Ever wondered how restaurateurs decide what to put on the menu? Or how on earth they know how much of any one dish to keep in stock? And what are South African’s favourite dishes? We went on a mission to find out.
“A good cut of meat with a killer sauce; a nice piece of fresh fish, also with a sauce; and seafood,” says Franck Dangereux of The Foodbarn in Cape Town. “These are the things people cook less often at home, and are therefore popular at the restaurant.” His top-selling dishes right now are the rack of Karoo lamb, fish of the day and beef fillet.
Named by many of our top chefs today as a mentor, Franck has been in the business quite a while. So have things changed? “In the 90’s in SA we struggled to get people to eat three courses!” he laughs. Back then, wine pairing was also not in vogue. “People would drink the same wine throughout the meal.”
Overall, Franck says, the trend has not changed but people are more sensitive to where there food comes from now. “People are more sensitive to sustainability of seafood and fish, and keen to hear that our meat is happy meat. Also, lighter options are welcome, and tasting menus are going very well.”
Marthinus Ferreira of DW Eleven-13 in Joburg (no. 7 in Eat Out’s Top 10 for 2011) says the dining public is becoming more food-oriented and are looking for something different. His menu changes weekly, so favourites become less entrenched. “At the moment my guests are ordering the Alaskan crab cocktail, ginger and chilli-infused melon and buffalo mozzarella salad. For mains, confit pork with langoustine macaroni, corn purée, truffle oil and buttered cabbage. For dessert it’s the peanut butter parfait with cherry sorbet.”
George Jardine of Jordan Restaurant, (Eat Out’s no. 8 restaurant for 2011), is more unequivocal in his answer. “Steak,” is the Scot’s firm answer. “Always is and always will be. Regardless of the garnish.” Although the fine dining restaurant’s menu is carefully crafted with an inventive range of options, George always includes steak in some guise on the menu, and throughout the year steak makes up 50-60% of his sales.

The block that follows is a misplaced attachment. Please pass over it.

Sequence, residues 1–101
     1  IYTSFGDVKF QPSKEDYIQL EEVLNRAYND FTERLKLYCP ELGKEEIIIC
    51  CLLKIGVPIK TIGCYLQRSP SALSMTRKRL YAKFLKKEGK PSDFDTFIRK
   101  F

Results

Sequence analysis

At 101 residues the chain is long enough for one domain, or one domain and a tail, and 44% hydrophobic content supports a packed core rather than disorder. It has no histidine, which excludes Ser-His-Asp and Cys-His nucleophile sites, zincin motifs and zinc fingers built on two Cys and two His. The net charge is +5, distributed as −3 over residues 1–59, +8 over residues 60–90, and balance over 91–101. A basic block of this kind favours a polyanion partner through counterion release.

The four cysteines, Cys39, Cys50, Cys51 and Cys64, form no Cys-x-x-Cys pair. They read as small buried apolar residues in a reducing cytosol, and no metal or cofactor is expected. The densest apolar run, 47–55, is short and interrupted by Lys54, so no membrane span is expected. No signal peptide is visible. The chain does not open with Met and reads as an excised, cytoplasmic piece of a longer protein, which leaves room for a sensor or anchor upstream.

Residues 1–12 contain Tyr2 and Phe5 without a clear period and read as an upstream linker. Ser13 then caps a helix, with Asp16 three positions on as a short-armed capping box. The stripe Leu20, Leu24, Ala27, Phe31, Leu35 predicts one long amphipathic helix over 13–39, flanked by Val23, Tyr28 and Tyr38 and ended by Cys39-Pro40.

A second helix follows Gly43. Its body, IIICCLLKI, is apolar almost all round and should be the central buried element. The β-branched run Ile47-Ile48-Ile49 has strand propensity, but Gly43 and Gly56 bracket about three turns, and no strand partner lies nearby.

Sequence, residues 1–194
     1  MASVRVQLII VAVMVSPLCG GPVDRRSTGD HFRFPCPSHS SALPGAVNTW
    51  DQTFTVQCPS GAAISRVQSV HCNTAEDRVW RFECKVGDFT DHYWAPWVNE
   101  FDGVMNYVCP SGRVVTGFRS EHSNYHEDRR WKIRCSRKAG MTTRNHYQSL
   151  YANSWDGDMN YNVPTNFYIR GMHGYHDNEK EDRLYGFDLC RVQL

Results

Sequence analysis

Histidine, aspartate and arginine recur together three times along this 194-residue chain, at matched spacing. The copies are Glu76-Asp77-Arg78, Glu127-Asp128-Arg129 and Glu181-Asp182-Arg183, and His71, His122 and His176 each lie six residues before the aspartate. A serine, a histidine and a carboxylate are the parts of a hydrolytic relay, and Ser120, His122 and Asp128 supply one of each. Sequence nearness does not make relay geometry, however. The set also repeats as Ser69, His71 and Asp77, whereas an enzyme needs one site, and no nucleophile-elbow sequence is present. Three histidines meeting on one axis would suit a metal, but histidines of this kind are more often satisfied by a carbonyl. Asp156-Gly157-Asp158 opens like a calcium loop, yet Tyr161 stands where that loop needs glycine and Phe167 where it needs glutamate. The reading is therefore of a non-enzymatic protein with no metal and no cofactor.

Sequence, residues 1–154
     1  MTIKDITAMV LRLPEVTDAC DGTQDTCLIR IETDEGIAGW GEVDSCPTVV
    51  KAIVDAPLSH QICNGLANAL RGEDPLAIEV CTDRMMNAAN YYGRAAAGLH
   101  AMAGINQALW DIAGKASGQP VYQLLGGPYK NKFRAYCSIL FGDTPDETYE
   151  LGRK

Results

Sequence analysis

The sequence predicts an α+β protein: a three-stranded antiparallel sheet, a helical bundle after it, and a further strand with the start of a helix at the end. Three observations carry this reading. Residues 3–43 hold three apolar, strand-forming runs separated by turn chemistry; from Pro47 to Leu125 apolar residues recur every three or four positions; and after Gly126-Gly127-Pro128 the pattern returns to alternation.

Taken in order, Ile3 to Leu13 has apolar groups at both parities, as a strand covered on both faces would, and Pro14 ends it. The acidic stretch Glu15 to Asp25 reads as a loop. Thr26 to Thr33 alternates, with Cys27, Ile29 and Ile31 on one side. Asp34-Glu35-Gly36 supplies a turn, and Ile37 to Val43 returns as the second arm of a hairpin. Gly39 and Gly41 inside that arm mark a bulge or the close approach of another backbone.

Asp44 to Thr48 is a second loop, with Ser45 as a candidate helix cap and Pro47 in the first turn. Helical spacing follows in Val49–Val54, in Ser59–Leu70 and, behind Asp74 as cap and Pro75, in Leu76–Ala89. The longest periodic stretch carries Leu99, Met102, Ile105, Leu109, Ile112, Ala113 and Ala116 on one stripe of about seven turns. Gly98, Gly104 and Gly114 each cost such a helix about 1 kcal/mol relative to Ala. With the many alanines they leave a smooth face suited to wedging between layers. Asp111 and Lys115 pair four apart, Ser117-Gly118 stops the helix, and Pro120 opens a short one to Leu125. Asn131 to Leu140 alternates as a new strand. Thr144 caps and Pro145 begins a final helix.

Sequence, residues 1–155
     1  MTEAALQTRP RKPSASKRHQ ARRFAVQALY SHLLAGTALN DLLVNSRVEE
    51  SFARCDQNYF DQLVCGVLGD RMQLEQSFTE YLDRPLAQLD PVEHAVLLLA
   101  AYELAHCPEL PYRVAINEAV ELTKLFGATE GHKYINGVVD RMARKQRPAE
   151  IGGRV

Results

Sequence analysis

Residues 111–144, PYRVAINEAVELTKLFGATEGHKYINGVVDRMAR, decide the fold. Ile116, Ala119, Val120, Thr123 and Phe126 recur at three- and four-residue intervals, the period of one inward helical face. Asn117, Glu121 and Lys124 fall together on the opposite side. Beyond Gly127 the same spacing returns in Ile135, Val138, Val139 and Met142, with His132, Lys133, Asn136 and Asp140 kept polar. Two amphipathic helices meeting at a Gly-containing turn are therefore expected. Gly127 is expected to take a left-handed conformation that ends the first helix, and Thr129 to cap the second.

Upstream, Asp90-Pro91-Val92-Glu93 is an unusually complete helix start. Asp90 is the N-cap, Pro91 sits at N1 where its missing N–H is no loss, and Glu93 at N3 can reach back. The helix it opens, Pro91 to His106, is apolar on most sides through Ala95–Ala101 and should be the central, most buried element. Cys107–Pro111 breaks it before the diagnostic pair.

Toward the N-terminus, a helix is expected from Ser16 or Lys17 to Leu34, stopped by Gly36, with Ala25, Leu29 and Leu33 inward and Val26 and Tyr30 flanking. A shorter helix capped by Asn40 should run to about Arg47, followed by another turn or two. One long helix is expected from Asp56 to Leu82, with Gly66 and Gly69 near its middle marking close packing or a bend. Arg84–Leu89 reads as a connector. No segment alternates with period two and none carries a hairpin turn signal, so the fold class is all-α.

“If you’ve got a busy day and you want to make it easy for yourself just put mushrooms with the steak and everyone will order that,” he says cheekily. “People feel comfortable ordering it,” he explains, “You can tempt people away by doing something different – well-informed waiters can help to get people to try new things – but who doesn’t want to go out for lunch and have a nice steak, chips and a glass of red wine?”
The top selling dish at Pretoria’s Kream is also steak (the fillet with bone marrow) and, if anything, the prevalence of steakhouses in Joburg seems to suggest it’s even more popular there.
Veteran restaurateur Philippe Wagenfuhrer opened up Boksburg steakhouse Gray last year to take advantage of the market for meat. He’s also noticed that consumers want ethically sourced meat, and only serves free-range beef, aged for between 18 and 21 days. “The idea is to make the best product for the best value”. In addition to steaks, his burgers made with free-range beef, a homemade bun, roasted banana and coffee salt are a top seller – not least because they’re a bargain at R40. In April Philippe also plans to open up a pop-up trailer outside Gray, selling the very same burgers. “That’s great!” I tell him, already dreaming about the free-range burger. “No, it’s Gray,” quips Philippe.
What about Italian restaurants? It’s pizza, pizza, pizza, according to several Col’Cacchio branches. David Vigliotti of Kloof Street’s newest Italian restaurant, Mitico, says pizza trumps pasta every time. The pastas are also popular, so he keeps them on the menu, but it’s the pizza that has the real Italians raving. Bardelli’s concurs – their top selling dish combines consumers’ love of steak with their love of pizza. The Papa G is topped with fillet marinated in chilli-garlic marinade, portabellini mushrooms, blue cheese and avocado.
The other dish that seems to be streaking ahead in Mzanzi is fish. When there’s whole fish on the menu at Jordan, George notes that it’s very popular.
Grande Provence’s Darren Roberts agrees. “I joke with my butcher that if he could supply me with sushi I could print money,” says Darren. “80-90% of my customers are foreigners at the moment, and South Africa has a reputation for good seafood.” Slow-cooked lamb neck with bobotie butter is also popular at the Franschhoek restaurant. “Probably because it’s certified Karoo lamb. It’s something people can’t get at home.”
Laurent Deslandes, chef at Bizerca Bistro (winner of the best bistro award at last year’s Eat Out DStv Food Network Restaurant Awards) says that at lunchtime almost half of his customers order fish. His salmon with ginger, goat’s cheese and soy sauce is a top-seller at the moment.
Peter Tempelhoff of The Greenhouse (Eat Out’s top restaurant in the country for 2011) pinpoints Asian dishes. “South Africans love Asian food. Not any particular region – just Asian in general,” he explains. Since sushi made its debut fifteen years ago, he’s noticed its popularity swell exponentially. “Our lighter dishes are doing well, particularly because it’s summer.” His salmon trout cured in miso and sesame is one of the more popular dishes. Fish in general also seems to do well at the Cape Town restaurant. Their sustainable seafood tasting menu sells about the same as their chef’s tasting menu.
“I think people are a lot more conscious of what they’re eating. Seafood is lighter, and they want to look good on the beach as well…” Peter jokes. And on the dessert side? Well, that is perhaps less of a surprise. “Chocolate always outsells everything else.”
By Katharine Jacobs